Use of linear programming to -optimize the social, −environmental, and economic impacts of using woody feedstocks for pellet and -torrefied pellet production

Journal Article (Journal Article)

Linear programming was used to optimize the economic, environmental, and social impacts of forest biomass used for bioenergy production. Sixteen scenarios (combinations of feedstocks, products, markets, and end use) were studied. Two feedstocks (roundwood and wood residues), two densified bioenergy products (white pellet, torrefied pellet), two markets (domestic, international), and two end uses (power generation, district heating) were evaluated. The social, environmental, and economic sustainability attributes were quantified and monetized using peer-reviewed literature to analyze the trade-offs. Using the economic criteria alone, the model showed that the best solution was use of 70% roundwood and 30% forest residue feedstock to produce torrefied pellets (TP) sold for district heating in the EU. The model predicts $5.4 million annual profit which is driven by the use of lower cost forest residue feedstocks, and relatively higher prices for the heating market in the EU. Inclusion of all three sustainability attributes led to a different optimized solution. TP produced from roundwood and sold to the EU market for heating was the optimum, due to the social benefits derived from increased local income to landowners and reduced shipping costs. It also had added benefits of reductions in emissions across the transportation system on an energy basis. TP consistently had higher social benefits than WP due to the need for more biomass per unit of final product, and providing more local jobs and income from feedstock production. The increasing costs of carbon emissions increased the environmental benefits of TP compared to WP or coal. © 2016 Society of Chemical Industry and John Wiley & Sons, Ltd.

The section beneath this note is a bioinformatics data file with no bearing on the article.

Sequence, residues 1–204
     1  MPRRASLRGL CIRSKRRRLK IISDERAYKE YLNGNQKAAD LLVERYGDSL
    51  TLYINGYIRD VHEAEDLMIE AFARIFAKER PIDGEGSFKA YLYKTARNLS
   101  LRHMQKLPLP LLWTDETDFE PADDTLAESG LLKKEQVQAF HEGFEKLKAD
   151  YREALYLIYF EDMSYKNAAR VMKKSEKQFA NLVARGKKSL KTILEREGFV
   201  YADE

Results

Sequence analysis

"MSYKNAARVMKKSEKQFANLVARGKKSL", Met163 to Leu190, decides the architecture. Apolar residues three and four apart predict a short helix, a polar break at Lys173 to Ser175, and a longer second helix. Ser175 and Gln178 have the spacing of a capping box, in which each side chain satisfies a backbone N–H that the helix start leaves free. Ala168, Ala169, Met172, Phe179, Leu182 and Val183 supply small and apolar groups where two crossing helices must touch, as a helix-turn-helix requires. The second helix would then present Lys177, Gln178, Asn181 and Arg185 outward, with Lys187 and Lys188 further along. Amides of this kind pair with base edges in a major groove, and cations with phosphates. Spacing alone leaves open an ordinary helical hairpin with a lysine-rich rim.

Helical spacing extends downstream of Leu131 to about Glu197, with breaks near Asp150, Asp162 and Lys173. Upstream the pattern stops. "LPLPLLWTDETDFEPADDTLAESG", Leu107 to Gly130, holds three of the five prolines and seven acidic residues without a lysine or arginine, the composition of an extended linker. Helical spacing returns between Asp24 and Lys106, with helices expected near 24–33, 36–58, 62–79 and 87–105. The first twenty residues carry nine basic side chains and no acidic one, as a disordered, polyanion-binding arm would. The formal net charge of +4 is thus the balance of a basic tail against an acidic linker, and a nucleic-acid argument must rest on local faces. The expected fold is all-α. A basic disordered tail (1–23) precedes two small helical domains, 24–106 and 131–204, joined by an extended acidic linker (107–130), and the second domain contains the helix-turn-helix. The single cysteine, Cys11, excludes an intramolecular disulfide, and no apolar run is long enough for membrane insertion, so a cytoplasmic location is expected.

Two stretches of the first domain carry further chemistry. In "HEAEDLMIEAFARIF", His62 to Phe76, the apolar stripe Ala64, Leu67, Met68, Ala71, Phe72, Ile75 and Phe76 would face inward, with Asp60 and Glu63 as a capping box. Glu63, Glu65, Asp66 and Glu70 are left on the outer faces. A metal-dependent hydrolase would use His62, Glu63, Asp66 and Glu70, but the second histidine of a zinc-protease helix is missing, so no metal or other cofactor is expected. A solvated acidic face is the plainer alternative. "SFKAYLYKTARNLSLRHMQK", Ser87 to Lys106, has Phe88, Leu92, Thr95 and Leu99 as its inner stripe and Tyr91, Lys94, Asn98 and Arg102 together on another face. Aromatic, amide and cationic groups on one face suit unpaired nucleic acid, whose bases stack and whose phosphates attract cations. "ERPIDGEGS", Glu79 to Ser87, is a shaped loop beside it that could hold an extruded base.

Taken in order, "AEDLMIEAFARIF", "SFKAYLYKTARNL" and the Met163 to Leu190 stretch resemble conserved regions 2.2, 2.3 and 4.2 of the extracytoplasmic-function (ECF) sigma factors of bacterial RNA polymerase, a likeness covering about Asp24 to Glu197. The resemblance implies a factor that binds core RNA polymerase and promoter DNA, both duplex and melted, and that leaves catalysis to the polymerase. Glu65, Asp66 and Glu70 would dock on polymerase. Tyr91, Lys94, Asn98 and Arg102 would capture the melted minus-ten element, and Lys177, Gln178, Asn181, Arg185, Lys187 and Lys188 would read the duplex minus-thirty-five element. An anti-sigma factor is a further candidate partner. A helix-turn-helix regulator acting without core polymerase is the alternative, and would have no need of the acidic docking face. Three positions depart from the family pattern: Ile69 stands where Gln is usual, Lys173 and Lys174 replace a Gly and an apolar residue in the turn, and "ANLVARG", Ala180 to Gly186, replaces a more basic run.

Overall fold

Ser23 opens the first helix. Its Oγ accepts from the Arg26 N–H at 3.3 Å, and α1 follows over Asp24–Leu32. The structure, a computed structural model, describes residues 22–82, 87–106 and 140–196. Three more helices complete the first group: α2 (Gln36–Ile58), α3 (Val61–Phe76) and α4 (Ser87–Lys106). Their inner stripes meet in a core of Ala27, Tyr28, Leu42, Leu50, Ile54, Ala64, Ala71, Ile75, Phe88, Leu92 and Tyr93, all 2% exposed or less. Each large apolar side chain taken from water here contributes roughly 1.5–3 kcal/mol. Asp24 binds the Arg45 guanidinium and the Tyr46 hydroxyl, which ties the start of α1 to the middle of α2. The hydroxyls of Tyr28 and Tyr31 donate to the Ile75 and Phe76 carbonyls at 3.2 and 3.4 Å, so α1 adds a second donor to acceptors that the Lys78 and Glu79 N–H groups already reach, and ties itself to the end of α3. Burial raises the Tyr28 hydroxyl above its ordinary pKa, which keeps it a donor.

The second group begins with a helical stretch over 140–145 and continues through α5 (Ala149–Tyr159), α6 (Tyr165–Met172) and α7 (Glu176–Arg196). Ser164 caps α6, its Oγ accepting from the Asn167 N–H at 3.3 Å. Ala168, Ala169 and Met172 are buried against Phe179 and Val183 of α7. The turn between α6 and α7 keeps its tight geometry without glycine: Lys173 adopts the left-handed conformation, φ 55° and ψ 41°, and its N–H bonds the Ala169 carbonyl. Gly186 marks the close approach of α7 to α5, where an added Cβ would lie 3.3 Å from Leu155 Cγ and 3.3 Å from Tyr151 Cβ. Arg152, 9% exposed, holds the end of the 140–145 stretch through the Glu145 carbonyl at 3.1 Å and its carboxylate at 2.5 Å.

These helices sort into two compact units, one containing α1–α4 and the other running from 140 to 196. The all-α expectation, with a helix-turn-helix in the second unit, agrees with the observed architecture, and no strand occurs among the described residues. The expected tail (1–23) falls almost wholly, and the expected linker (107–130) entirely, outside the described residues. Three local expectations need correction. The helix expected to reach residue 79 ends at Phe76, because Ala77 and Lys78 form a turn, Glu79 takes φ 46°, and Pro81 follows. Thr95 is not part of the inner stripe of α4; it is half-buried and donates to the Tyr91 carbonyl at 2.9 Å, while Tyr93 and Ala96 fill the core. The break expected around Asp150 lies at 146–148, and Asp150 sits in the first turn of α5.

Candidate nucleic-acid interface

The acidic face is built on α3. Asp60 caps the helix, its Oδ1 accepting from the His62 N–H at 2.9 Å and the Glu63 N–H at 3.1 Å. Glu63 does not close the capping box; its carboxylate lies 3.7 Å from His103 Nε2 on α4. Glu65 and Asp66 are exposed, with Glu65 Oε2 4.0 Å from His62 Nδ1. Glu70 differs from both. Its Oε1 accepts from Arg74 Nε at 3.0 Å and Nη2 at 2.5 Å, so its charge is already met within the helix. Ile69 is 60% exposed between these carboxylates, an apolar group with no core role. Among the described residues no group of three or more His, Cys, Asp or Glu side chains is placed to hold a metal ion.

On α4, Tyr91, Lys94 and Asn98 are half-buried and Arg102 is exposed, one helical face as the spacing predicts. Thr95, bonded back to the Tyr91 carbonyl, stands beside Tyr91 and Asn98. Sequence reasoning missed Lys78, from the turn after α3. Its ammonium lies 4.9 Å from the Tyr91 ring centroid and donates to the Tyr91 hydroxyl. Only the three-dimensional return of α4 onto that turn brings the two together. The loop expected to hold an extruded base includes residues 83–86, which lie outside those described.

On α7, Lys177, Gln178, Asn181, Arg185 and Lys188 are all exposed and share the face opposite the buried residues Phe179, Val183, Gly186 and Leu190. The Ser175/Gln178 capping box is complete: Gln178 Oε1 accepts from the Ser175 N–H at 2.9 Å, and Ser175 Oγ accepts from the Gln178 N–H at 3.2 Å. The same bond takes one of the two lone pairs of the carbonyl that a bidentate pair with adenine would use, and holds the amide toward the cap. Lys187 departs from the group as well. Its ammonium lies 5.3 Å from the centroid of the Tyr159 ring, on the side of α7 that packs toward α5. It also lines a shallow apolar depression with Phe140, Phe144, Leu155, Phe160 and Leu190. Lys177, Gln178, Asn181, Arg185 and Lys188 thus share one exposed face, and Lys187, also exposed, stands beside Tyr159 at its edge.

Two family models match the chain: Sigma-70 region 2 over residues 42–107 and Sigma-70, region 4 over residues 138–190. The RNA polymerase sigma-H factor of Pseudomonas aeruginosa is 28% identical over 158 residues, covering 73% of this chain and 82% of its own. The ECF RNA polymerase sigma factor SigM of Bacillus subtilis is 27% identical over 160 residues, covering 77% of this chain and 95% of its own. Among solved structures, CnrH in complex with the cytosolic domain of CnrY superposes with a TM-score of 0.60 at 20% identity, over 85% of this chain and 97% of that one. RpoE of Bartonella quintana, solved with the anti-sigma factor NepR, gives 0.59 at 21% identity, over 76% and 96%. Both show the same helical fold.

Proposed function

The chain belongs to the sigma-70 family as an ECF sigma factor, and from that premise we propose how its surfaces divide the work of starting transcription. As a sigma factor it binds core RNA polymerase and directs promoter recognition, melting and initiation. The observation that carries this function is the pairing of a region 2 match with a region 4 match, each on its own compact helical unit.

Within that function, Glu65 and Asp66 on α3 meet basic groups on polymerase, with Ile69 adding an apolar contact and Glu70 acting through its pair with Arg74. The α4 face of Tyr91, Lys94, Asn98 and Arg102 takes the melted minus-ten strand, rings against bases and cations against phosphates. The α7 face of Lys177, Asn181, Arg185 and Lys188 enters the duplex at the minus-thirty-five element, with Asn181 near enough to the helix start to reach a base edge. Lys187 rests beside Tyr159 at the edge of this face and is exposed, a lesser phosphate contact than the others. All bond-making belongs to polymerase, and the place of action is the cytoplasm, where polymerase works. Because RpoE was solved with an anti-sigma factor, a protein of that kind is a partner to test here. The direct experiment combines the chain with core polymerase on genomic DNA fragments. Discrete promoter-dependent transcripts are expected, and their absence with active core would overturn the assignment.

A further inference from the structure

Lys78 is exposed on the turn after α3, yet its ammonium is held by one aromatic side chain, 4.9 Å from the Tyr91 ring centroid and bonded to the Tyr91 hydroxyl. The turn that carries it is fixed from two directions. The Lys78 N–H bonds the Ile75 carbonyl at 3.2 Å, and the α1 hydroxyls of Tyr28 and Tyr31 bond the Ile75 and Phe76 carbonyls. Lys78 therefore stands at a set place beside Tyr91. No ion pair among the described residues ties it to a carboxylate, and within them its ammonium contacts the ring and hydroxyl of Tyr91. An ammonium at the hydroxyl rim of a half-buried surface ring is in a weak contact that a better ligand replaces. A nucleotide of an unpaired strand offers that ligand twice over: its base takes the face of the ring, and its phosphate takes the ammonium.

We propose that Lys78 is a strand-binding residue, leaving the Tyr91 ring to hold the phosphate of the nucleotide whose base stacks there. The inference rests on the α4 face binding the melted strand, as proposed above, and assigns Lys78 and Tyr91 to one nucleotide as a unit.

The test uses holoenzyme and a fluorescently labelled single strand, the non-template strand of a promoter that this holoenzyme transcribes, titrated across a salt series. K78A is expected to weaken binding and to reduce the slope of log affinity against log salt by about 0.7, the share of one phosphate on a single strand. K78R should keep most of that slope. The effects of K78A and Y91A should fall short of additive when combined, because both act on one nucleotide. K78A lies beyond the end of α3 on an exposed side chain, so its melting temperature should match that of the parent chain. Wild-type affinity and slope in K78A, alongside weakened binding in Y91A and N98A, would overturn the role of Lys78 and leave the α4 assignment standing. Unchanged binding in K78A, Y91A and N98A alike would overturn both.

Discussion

Full Text

Duke Authors

Cited Authors

  • Radics, RI; Dasmohapatra, S; Kelley, SS

Published Date

  • July 1, 2016

Published In

Volume / Issue

  • 10 / 4

Start / End Page

  • 446 - 461

Electronic International Standard Serial Number (EISSN)

  • 1932-1031

International Standard Serial Number (ISSN)

  • 1932-104X

Digital Object Identifier (DOI)

  • 10.1002/bbb.1658

Citation Source

  • Scopus